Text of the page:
#CardCorner: 1984 Donruss Frank White
On Oct. 19, 1985, Kansas City Royals manager Dick Howser penciled in second baseman Frank White as the team’s cleanup hitter in Game 1 of the World Series against the Cardinals.
In the 81 World Series previously contested, one second baseman – Jackie Robinson in four different years – had ever batted out of the No. 4 spot.
For White, it was an honor he never expected.
“I visualized Missouri having a Royals-Cardinals World Series someday,” White, who grew up in Kansas City, told The New York Times. “But I never thought I’d be batting cleanup in it.”
After seven games with White batting in what was then baseball’s premier run-producing spot, the Royals were world champions. It was the pinnacle of an 18-year big league career in which White became one of the most respected players in the game.
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Born Sept. 4, 1950, in Greenville, Miss., Frank White Jr. was the son of a Negro Leagues ballplayer. The family moved to Kansas City when White entered school, and he attended Lincoln High School – located a few blocks from old Municipal Stadium where the Kansas City Athletics played.
“I saw a lot of stars play (at Municipal Stadium),” White told the Associated Press of his days when he’d watch games from the football bleachers at his high school, which was located right next to the Athletics’ stadium. “And I had two idols: Hank Aaron and Jackie Robinson. I never saw Robinson but I always admired the things he stood for and what he accomplished.”
An all-around athlete, White played sandlot ball – Lincoln High School did not field a baseball team – and starred for his school’s football and basketball teams. White was already married and working as a shipping clerk in 1970 when he impressed the Royals at a tryout camp – his wife, Gladys, encouraged him to go – earning an invitation to the groundbreaking Royals Academy in Sarasota, Fla.
He would become the first graduate of the Academy to make the big leagues.
Debuting with the Royals’ team in the Gulf Coast League in 1971, White was then a shortstop. He played at the Class A and Double-A level in 1972, appearing in 140 games while hitting a combined .267 with 24 stolen bases for San Jose and Jacksonville. The Royals promoted White to Triple-A Omaha and moved him to second base in 1973 – and he was called up to Kansas City in June when shortstop Freddie Patek went on the disabled list.
“No, I didn’t think when I went to the Academy I’d ever play with Kansas City,” White told the Associated Press during his rookie season. “I always hoped.
“I’ve already found out one thing: I can play defense up here.”
White hit .223 in 51 games with the Royals in 1973 and made the team’s Opening Day roster in 1974 as a utility infielder, hitting .221 in 99 games. He reprised that role in 1975 before taking over for the popular Cookie Rojas at second base in September, finishing the year with a .250 batting average in 111 games.
“I hated it when I first started playing here,” White told the Kansas City Star in 1980. “I didn’t think (the fans) gave me a fair chance when I replaced Cookie. What they didn’t realize was it was obvious to any player that Cookie’s playing days were over. I just happened to be the guy who replaced him.”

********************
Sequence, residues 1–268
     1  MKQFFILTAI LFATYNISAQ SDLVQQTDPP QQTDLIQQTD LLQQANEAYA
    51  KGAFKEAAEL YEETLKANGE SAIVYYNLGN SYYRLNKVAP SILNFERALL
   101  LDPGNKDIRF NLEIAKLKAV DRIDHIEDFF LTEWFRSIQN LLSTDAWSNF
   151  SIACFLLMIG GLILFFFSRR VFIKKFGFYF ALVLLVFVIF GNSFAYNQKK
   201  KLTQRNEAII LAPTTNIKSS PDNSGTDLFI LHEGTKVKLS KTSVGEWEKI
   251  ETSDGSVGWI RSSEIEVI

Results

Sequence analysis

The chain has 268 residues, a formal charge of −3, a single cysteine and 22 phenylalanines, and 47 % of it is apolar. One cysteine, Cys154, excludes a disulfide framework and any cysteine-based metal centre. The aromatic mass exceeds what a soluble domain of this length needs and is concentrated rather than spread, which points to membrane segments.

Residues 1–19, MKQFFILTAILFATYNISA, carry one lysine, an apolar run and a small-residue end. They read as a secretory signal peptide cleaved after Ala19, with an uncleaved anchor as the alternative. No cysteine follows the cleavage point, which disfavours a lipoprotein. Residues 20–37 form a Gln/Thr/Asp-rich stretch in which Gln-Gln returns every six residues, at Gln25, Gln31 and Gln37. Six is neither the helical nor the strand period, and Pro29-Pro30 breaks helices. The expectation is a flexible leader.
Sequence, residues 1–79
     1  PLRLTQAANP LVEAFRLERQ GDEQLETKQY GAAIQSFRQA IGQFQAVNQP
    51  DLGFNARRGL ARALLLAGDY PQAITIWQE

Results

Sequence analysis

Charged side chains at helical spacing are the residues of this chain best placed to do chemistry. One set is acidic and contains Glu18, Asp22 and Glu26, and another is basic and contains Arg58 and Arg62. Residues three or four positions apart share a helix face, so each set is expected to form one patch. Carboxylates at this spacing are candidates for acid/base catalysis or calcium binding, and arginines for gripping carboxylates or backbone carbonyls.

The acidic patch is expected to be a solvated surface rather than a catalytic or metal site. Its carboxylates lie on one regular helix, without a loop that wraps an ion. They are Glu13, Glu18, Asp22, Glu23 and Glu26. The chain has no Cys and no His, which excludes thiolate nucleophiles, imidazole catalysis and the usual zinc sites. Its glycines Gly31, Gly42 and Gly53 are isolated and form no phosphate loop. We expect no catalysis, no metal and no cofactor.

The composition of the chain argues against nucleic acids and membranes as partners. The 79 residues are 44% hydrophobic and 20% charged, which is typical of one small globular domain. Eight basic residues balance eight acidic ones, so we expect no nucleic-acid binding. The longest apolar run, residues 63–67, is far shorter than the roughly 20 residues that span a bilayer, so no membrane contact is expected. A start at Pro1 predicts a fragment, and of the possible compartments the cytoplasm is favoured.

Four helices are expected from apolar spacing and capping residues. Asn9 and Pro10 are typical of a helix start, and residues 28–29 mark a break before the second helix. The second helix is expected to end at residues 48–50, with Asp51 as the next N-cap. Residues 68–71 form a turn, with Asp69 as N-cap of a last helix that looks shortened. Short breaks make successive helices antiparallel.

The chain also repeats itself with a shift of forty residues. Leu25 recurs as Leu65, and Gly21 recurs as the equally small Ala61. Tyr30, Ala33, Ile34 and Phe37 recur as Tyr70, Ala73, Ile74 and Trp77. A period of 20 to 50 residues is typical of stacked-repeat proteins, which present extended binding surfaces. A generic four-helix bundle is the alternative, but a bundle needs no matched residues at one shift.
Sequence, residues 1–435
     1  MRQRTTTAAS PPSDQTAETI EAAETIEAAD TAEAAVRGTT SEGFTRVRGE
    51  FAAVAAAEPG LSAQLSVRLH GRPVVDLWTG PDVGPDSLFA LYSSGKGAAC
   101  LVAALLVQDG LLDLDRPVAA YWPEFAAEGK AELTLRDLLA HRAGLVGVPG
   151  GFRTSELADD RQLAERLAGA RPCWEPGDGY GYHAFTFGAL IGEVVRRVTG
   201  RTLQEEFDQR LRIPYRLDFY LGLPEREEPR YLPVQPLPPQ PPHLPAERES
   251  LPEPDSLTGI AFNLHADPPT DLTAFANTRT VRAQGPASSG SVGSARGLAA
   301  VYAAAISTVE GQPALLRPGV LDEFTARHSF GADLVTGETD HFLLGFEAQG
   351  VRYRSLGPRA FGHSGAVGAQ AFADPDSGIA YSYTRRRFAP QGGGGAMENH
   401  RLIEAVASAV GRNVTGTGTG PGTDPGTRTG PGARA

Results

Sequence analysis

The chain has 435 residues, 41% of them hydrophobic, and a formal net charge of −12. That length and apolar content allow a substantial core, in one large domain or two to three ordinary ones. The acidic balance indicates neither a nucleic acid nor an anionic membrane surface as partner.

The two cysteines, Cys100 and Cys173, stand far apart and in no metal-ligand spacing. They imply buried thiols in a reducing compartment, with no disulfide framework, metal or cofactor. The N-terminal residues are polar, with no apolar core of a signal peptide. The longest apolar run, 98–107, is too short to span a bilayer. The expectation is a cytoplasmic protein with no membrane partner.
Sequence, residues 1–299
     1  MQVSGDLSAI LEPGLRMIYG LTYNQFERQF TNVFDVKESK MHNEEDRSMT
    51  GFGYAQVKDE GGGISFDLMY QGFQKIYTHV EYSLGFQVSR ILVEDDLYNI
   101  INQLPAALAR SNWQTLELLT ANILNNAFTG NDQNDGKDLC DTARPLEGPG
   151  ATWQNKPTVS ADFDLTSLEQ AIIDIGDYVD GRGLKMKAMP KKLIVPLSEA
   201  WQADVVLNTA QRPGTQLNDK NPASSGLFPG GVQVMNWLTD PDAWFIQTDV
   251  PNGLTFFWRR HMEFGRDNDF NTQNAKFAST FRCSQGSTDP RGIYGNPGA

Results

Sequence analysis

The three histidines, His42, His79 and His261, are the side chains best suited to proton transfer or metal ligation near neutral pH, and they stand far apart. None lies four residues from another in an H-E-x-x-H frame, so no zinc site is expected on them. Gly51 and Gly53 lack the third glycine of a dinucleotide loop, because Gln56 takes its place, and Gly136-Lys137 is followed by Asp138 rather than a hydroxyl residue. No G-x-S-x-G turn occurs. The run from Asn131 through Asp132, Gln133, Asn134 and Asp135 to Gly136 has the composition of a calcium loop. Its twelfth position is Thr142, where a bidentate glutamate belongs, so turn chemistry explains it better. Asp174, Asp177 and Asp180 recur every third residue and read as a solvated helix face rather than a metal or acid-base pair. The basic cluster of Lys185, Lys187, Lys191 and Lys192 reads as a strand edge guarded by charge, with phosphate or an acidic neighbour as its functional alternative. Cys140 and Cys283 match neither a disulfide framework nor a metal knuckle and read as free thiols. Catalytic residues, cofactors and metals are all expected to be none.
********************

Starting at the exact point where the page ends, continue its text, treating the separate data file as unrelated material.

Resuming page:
Rojas, ironically, became one of White’s biggest supporters.
“There isn’t any better second baseman in the league than Frank,” Rojas said during the transition. “Range, nobody can touch Frank. Tremendous hands. He has the smoothness, the agility you don’t find in many infielders.”
Now entrenched at second base, White played in 152 games in 1976 as the Royals won the American League West for the first time. He batted just .229 with 46 RBI and 39 runs scored but posted a defensive WAR of 2.5, the sixth-best figure among all players in the AL. In the postseason, White and Rojas shared time at second base, with White starting Games 1, 2 and 3 against the Yankees while Rojas started Games 4 and 5. The Yankees won the series on Chris Chambliss’ walk-off home run.
The next season, the Royals won 102 games to repeat as AL West champions. White improved his batting average to .245 with 50 RBI and 59 runs scored while winning the first of eight Gold Glove Awards – including six in a row. He also led all AL second basemen in fielding percentage with a .989 mark, the first of three times he would lead the league in that category.
But once again, the Yankees defeated Kansas City in the American League Championship Series.
“I think in ’77 we had our best ballclub,” White told The New York Times. “But we didn’t have the pitching.”
In 1978, White hit .275 with 50 RBI and 66 runs scored and was widely considered to be one of the best second basemen in the game. He earned his first All-Star Game selection and once again helped the Royals to a division championship. And again, Kansas City fell to New York in October.
Still, White and his Kansas City teammates were now baseball royalty. And White’s bat had virtually caught up with his sensational glove.
“When I first came up, (Royals manager) Whitey (Herzog) used to pinch hit for me,” White said. “But in ’78, it changed.”
White was named to his second All-Star Game in 1979, this time earning the starting nod. But he played in only 127 games that season after suffering a broken hand when he was hit by an Ed Farmer pitch in May. Still, White batted .266 with 10 homers, 48 RBI and 28 steals while scoring 73 runs, which would be his high-water mark until 1986. The Royals, however, failed to win the AL West for the first time since 1975 – and Herzog was replaced by Jim Frey for the 1980 season. It would be a year that would see the Royals come within two wins of a world championship.